Candidate raising stink over sewage

Published 12:00 am Saturday, August 7, 1999

LEONARD GRAY / L’Observateur / August 7, 1999

LAPLACE – A parish presidential candidate is attempting to raise a stink about wastewater imported to St. John the Baptist Parish for treatment.Michael “Coach” Maggiore, said “sewage” is being brought in from the Mississippi Gulf Coast, and he claims it is from the casinos. He has calledon the public to denounce the practice and has urged an investigation.

But parish Utilities Director Sammy Accardo said the situation is quite different than portrayed.

It all began last spring, he said, when the Port of South Louisiana’s Globalplex wastewater treatment pond had new aerators installed without first dredging the ponds. This resulted in a clogged backup which sentnoxious odors throughout the neighboring Dutch Bayou/Star Terrace areas of Reserve.

For some time, the port administration attempted to deal with the problem with dredging, cleaning and installing new aerators, but as time went by neighbors grew more sickened by the odor and less patient with the apparent lack of progress.

Meanwhile, A3M Vacuum Service of Reserve had been bringing leachate wastewater in BFI tank trucks from two out-of-state landfills to the ponds for treatment. A3M was not allowed back in at the port’s facilitywhile cleanup was in progress.

Leachate, Accardo explained, is defined as rainwater which has filtered through a landfill, been caught up and pumped out from beneath it to avoid contamination of the area groundwater. The water is then transported tomunicipal sewage plants for treatment.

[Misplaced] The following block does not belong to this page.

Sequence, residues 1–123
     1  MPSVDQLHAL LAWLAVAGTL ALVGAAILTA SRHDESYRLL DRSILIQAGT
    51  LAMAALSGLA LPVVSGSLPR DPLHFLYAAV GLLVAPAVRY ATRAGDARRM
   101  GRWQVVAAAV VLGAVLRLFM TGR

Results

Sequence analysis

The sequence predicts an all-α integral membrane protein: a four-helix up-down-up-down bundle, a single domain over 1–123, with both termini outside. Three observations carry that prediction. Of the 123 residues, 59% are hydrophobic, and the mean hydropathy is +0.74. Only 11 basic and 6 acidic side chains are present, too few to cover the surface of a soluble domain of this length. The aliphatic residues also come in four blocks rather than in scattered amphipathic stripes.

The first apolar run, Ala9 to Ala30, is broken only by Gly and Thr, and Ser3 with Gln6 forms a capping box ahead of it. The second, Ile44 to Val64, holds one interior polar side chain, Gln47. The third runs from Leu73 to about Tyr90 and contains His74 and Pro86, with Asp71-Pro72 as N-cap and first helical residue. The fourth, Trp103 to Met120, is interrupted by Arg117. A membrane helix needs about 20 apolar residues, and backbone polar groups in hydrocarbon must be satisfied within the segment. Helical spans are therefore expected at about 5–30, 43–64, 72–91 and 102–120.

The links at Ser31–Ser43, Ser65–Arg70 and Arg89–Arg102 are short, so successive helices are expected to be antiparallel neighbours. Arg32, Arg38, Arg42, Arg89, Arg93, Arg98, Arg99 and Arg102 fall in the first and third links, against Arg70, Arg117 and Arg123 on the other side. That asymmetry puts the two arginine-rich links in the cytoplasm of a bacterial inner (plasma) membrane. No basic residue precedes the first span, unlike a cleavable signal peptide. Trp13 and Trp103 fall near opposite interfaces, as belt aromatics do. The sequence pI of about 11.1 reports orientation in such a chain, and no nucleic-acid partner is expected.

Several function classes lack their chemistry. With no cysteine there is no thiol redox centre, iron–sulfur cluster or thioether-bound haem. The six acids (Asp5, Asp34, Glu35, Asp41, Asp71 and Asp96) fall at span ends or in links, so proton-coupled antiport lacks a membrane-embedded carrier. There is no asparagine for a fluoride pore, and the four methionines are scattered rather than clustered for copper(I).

Mike Curtis of Curtis Environmental Services in LaPlace added this activity is encouraged by the U.S. Environmental Protection Agency. ALouisiana Department of Environmental Quality spokesman, Chris Piehler, confirmed that an extension of that treatment activity was approved as recently as July 19. Any changes of what wastewater is accepted at asewer plant must be approved by DEQ, Piehler added.

Accardo said the leachate was accepted in early summer at the River Road Treatment Plant on West Second Street, LaPlace, while the port sorted out the pond itself and is currently dealing with lawsuits filed by neighbors.

“We stepped in to help out,” Accardo said.

Bubba Hachet, inspections and operations manager of the River Road Treatment Plant, said the volume varies but anywhere from five to 10 trucks, each with 4,000 gallons of leachate, are accepted at the plant, which is running at near-capacity.

Maggiore has also charged the Garyville treatment plant is being prepared to also accept the “sewage.”Accardo explained the Garyville treatment plant has applied to DEQ to set up a drop-off station, with the intention of moving that leachate treatment program from LaPlace to Garyville.

The Garyville plant is operating at less than 5 percent of its capacity, Accardo continued, at only 40,000 gallons per day at a plant capable of treating 900,000 gallons per day. At Garyville, the plan is for a tank toaccept the leachate more efficiently to avoid having trucks backed up at the plant, besides making more efficient use of the plant.

The utilities director noted that the leachate has a “minimal effect” on the plant’s equipment, as it is more pure than the sewage accepted now from the community.

Besides, he said, the leachate is actually beneficial, as the oxygen in the leachate helps support the bacteria used at the plant to break down sewage solids.

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